I really don't think that a 200lb bodybuilder taking in 200g of hydrolised whey isolate is going to get any stronger than one taking in 200g of protein from a variety of sources.

dirty-c
08-21-2003, 12:17 PM
Originally posted by aggablinky
I posted a similar question to this one the other day. but i put it in the wrong section, so didnt get much response, so i`ll try in the right place this time. My question was, i`m a 240 lb male, I consume on average about 150 grams of protein a day, some of this from powders mixed with milk, but i wondered, if i was to up this by 50-100 grams, would i notice any improvement in my workouts, muscle repair, etc? I would like to grow some more muscle, if i could. Thankyou

Will you benefit by adding 50-100 grams? Yes, probably. But the most important thing to do is establish how many calories you need a day, THEN determine the macronutrient ratio. The reasons are:

1.) Above all else, total calories consumed will be the single most important factor in wheter or not you gain muscle. Yes, protein is used to build muscle, but your body's energy and glycogen needs will be met before muscle repair & building can take place. Suppose you need 2000 calories a day to sustain body composition, and you're eating only a massive 450gm of protein a day, 450gm x 4 calories/gm = 1800 calories. You're 200 calories short of your basic metabolic rate (MBR), and you will lose weight. This is obviously just an example to illustrate a point. Even if your MBR was 1600 calories, I would certainly not recommend getting all 450gm of your food from protein (wouldnt be possible anyway).

2.) Using BV as the sole determination of protein quality is one of the biggest myths perpetrated by the supplement industry. High BV proteins completely break down into amino acids very quickly. Whey, having the highest BV of all, breaks down quickest. This is only a good thing at certain times of the day, such as:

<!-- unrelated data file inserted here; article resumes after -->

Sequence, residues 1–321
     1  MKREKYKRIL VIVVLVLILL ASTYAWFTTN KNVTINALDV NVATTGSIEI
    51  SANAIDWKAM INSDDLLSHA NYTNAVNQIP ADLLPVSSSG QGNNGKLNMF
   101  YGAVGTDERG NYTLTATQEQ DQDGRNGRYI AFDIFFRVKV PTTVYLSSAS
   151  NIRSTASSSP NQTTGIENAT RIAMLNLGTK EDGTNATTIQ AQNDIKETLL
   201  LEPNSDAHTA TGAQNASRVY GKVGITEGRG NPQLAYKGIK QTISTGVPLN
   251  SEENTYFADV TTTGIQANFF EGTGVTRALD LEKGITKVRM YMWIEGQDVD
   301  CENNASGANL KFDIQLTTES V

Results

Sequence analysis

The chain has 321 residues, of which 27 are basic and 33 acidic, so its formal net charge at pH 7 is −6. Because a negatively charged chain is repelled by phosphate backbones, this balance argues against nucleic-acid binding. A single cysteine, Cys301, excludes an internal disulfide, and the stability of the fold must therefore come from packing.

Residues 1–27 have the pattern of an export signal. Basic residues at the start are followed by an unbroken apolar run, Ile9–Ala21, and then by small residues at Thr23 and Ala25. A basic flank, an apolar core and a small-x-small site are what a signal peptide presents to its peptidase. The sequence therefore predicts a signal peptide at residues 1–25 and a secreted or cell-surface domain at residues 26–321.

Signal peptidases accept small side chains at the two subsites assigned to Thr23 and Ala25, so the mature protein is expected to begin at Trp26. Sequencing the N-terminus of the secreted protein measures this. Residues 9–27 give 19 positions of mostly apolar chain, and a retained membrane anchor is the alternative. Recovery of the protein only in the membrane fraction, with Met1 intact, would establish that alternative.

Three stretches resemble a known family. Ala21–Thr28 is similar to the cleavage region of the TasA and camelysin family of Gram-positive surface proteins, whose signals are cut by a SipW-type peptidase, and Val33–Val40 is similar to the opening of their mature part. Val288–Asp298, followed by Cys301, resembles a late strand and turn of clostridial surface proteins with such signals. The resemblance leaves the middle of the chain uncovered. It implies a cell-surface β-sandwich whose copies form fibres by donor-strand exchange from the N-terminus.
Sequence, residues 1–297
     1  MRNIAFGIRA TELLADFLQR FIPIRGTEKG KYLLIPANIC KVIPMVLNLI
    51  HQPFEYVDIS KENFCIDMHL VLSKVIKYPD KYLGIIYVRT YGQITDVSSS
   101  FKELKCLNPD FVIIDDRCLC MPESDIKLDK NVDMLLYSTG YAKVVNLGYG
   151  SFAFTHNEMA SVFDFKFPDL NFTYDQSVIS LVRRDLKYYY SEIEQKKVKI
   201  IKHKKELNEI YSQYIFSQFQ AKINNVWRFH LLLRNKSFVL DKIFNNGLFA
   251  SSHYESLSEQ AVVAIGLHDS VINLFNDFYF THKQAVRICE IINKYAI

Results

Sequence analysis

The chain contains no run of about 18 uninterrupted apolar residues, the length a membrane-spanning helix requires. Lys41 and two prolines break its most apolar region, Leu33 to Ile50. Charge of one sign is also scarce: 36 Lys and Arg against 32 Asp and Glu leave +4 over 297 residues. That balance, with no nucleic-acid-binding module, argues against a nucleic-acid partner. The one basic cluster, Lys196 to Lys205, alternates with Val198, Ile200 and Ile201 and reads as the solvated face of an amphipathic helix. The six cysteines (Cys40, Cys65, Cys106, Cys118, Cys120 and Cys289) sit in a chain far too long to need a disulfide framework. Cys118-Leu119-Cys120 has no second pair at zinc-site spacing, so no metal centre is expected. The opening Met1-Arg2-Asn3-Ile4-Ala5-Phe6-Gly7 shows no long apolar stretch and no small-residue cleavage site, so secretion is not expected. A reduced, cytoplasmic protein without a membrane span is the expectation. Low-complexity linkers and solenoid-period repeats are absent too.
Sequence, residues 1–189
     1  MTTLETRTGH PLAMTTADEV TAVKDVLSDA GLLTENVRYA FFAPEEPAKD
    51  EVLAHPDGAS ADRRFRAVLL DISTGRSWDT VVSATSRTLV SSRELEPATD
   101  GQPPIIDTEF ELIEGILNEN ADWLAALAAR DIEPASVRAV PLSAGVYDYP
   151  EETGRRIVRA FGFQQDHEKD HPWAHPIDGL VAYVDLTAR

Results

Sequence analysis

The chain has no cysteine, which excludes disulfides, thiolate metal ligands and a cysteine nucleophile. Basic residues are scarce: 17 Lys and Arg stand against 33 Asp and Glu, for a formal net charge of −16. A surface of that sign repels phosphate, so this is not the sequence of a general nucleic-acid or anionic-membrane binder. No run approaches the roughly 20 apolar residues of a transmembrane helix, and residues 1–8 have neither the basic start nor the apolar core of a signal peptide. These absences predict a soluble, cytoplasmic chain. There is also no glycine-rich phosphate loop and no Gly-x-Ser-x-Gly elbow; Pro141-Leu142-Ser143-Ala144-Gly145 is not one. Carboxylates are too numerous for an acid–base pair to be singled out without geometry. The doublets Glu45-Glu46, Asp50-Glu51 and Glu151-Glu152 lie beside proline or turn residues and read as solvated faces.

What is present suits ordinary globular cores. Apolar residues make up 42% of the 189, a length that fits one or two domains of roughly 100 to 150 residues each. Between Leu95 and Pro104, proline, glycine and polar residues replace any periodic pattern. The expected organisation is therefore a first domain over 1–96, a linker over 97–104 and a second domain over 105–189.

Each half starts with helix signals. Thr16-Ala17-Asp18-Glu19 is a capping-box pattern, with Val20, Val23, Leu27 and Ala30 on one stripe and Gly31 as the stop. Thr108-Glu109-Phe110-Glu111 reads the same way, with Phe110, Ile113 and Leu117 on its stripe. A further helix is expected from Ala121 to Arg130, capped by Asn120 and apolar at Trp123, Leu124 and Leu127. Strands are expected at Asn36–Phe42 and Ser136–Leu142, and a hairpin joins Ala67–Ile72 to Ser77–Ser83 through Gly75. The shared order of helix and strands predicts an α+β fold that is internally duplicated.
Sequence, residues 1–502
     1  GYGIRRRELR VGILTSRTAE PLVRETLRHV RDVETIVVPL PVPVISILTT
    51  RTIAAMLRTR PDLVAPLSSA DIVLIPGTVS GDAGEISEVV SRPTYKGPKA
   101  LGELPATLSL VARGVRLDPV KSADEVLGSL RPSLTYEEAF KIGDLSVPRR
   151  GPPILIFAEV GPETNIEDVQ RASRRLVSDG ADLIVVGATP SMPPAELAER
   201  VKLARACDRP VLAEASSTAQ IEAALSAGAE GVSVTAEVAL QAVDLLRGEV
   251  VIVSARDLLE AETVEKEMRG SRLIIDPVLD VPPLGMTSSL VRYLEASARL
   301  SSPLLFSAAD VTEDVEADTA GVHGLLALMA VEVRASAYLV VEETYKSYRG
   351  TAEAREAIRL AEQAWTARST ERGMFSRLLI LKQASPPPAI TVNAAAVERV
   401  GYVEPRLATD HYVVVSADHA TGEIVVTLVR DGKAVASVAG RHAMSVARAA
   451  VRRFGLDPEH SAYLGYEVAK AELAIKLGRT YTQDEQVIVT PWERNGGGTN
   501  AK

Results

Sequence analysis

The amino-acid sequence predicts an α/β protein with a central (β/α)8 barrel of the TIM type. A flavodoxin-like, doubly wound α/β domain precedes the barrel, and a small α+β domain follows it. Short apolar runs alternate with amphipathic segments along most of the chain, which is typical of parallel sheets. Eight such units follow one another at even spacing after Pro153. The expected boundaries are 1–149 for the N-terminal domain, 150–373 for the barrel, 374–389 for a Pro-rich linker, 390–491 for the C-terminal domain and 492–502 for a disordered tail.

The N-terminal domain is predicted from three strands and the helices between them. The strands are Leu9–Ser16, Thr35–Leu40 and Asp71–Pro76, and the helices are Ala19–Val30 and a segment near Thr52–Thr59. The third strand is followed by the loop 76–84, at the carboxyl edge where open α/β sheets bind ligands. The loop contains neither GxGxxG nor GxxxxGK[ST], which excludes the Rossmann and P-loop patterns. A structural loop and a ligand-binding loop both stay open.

a.) first thing in the morning (even then, the majority should be whole food).
b.) shortly before a workout
c.) immediately post workout

Any other time of the day, you should prefer a slower release protein, or you risk using the protein for energy or excreting it from the body.
Hemants, I couldn't agree with you more. In fact, I'll bet the bodybuilder taking in 200gm of hydrolised whey will be WEAKER than the bodybuilder who gets 200gms from a variety of sources.

Bottom line here: Whey certainly has its uses. It has definitely helped the progress of bodybuilders everywhere. But should it be the sole protein used, simply because it has the highest BV? Absolutley not.

bradley
08-21-2003, 01:45 PM
Originally posted by rgkfit
You are wrong, protein quality is always an issue. An analogy, we have steak chains here. One is called Ponderosa, which has fast food(salad bar type steak), and then we have Outback. Now both are beef, both are steak. Is there a difference in quality?? You bet, which would you rather have? Saying that quality does not mean anything is totally absurd! [/B]

Protein is composed of amino acids, so how are the amino acids that compose the protein going to be different at the two restuarants? As hemants stated, the amount of fat might be higher, but this still does not change how the protein will be used by the body.

I would like for you to show me something that says the amino acids that make up those two pieces of meat are different. If the amino acids are no different then the protein is not different either, since amino acids make up protein.

bradley
08-21-2003, 01:49 PM
Originally posted by rgkfit
What Bradley implied and what came out are 2 different things. I will re-iterate, our jobs as bodybuilders is to keep a positive nitrogen balance. This related directly to protein consumption. And this in turn relates to quality of protein. It matters as much the QUALITY of the protein, the BV, the useability.

It is related to protein consumption, but protein quality is not going to make any significant difference if you are taking in ~1g per lb. of bw. If you were trying to cut protein intake down to a bare minimum then, yes it might make more of a difference.

The following quote was taken from an article written by Lyle McDonald:
http://www.thinkmuscle.com/articles/mcdonald/protein-02.htm